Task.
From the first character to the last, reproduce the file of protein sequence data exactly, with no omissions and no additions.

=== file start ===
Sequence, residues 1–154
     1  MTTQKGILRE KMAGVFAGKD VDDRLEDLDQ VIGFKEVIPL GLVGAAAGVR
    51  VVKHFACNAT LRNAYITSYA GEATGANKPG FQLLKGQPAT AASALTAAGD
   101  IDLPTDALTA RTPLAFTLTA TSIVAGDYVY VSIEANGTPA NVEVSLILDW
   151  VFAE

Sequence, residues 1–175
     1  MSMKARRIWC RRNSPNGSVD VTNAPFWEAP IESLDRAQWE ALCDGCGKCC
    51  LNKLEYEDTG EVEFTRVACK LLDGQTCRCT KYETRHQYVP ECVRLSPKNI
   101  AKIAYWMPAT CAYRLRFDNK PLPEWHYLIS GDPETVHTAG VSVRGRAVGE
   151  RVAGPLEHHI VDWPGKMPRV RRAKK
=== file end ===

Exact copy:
Sequence, residues 1–154
     1  MTTQKGILRE KMAGVFAGKD VDDRLEDLDQ VIGFKEVIPL GLVGAAAGVR
    51  VVKHFACNAT LRNAYITSYA GEATGANKPG FQLLKGQPAT AASALTAAGD
   101  IDLPTDALTA RTPLAFTLTA TSIVAGDYVY VSIEANGTPA NVEVSLILDW
   151  VFAE

Sequence, residues 1–175
     1  MSMKARRIWC RRNSPNGSVD VTNAPFWEAP IESLDRAQWE ALCDGCGKCC
    51  LNKLEYEDTG EVEFTRVACK LLDGQTCRCT KYETRHQYVP ECVRLSPKNI
   101  AKIAYWMPAT CAYRLRFDNK PLPEWHYLIS GDPETVHTAG VSVRGRAVGE
   151  RVAGPLEHHI VDWPGKMPRV RRAKK